By Steve Smith
Believe it or not, by the end of this month garden centers will be stocked with all the new and tried and true varieties of fruit trees that are well-suited for our unique marine climate. For the most part, these trees will be bare root – which means that the roots have no soil on them. The new tree gets taken home in a plastic bag and needs to be planted that same day.
There are also potted up fruit trees available. With proper care and feeding, you will be able to start harvesting the fruits of your labor the following year.
I am inclined to think that there is a certain amount of romance and nostalgia surrounding home orchards. I, for one, remember as a youngster traveling north from San Diego to my great grandmother’s house in Santa Anna where she had two ginormous avocado trees that we could climb and pick handfuls of avocados from. Not far from her home was my uncle’s “ranch” in Tustin where I got my first taste of a persimmon. It was with great trepidation that I bit into what looked like a tomato to me, but what turned out to be a delightfully sweet fruit. I suspect I might have also experienced my first fig on one of those outings as well. 60 years later, I still have fond memories of those events.
Growing backyard fruit can be loads of fun and very gratifying. Over the years, to reduce labor in commercial orchards, breeders have developed dwarf root stocks that keep trees much smaller – homeowners have definitely benefited from that trend. Apples now come in semi-dwarf (12’ to 15’ tall) to dwarf (10’ to 12’ tall) to mini-dwarf (8’ to 10’ tall) root stocks, which keep the trees to growing to a more-manageable size. At this point, every variety of fruit tree we sell has been grafted onto some kind of dwarfing root stock.
Dwarf root stocks can help tremendously in managing your home orchard, but there are also a few other options that will help you save even more space so you can incorporate them into your yard. Espaliered trees have been trained to grow on a trellis horizontally and can easily be planted on a fence or even a south-facing wall. These espaliers are often grafted with multiple varieties of the same fruit, so that on one main stalk you can have three different flavors of apples, for example. You can usually find apple and pear versions of espaliered trees.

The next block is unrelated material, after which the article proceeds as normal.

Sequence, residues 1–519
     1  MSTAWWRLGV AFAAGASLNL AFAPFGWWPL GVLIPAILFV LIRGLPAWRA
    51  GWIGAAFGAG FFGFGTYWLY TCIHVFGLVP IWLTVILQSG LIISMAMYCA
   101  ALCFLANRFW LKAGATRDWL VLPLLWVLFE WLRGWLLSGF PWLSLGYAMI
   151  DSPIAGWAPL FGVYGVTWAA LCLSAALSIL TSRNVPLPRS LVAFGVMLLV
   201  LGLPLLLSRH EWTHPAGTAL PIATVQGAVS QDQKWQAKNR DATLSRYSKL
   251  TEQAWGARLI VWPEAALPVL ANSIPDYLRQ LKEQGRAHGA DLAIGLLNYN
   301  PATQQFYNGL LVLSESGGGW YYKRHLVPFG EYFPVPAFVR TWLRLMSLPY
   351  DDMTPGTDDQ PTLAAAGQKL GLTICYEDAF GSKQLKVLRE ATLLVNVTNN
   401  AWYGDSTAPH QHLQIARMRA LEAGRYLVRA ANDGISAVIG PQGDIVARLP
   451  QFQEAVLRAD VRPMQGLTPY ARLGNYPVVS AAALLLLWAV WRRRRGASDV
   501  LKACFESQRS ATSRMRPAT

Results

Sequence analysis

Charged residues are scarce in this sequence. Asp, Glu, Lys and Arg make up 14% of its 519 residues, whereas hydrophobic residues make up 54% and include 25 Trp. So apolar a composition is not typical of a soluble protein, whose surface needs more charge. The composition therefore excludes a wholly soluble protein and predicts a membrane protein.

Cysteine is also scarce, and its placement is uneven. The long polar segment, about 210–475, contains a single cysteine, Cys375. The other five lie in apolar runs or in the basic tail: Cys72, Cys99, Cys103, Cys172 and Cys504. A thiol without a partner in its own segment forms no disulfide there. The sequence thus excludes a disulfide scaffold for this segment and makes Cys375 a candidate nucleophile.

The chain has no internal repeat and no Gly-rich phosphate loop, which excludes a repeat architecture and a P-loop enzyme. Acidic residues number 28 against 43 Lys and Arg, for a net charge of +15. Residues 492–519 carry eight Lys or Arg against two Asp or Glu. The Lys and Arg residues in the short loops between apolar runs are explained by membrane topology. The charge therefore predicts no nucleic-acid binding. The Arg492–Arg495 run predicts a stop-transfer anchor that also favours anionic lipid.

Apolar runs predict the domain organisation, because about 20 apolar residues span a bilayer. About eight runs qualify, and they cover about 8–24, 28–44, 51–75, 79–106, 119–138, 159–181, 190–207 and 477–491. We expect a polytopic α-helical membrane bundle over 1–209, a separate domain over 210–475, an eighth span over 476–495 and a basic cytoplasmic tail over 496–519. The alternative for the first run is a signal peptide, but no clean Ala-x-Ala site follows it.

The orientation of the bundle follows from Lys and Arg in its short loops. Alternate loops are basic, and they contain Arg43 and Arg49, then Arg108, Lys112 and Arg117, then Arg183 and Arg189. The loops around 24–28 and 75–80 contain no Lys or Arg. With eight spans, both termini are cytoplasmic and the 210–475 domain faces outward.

Combination trees have 4 to 5 varieties of the same fruit, saving a lot of space and helping to take care of pollination issues. They do require a bit more attention to pruning, as each branch is a different flavor and may have different needs. Apples, pears, and cherries seem to be the best candidates for combination trees.
One other development in the space-saving department is the introduction of columnar or colonnade fruit trees, also known as “urban fruit trees”. At this point, apples are the only type that come in this shape. Urban apple trees will only grow 8- to 10-feet tall and remain only 2- to 3-feet wide, so you can plant them as close as 3-feet apart. They even grow well in containers, making them perfect for patios and porches.
Introduced from the Czech Republic, there are four new varieties: “Blushing Delight”, “Golden Treat”, “Tangy Green”, and “Tasty Red”. All are reported to be crisp, delicious and disease resistant.
Fruit trees are seasonal and once they are gone you will have to wait until next year to find them again. Plus, the sooner you start your home fruit-tree growing efforts, the sooner you will be harvesting and creating memories.
Steve Smith owns Sunnyside Nursery in Marysville and can be reached at firstname.lastname@example.org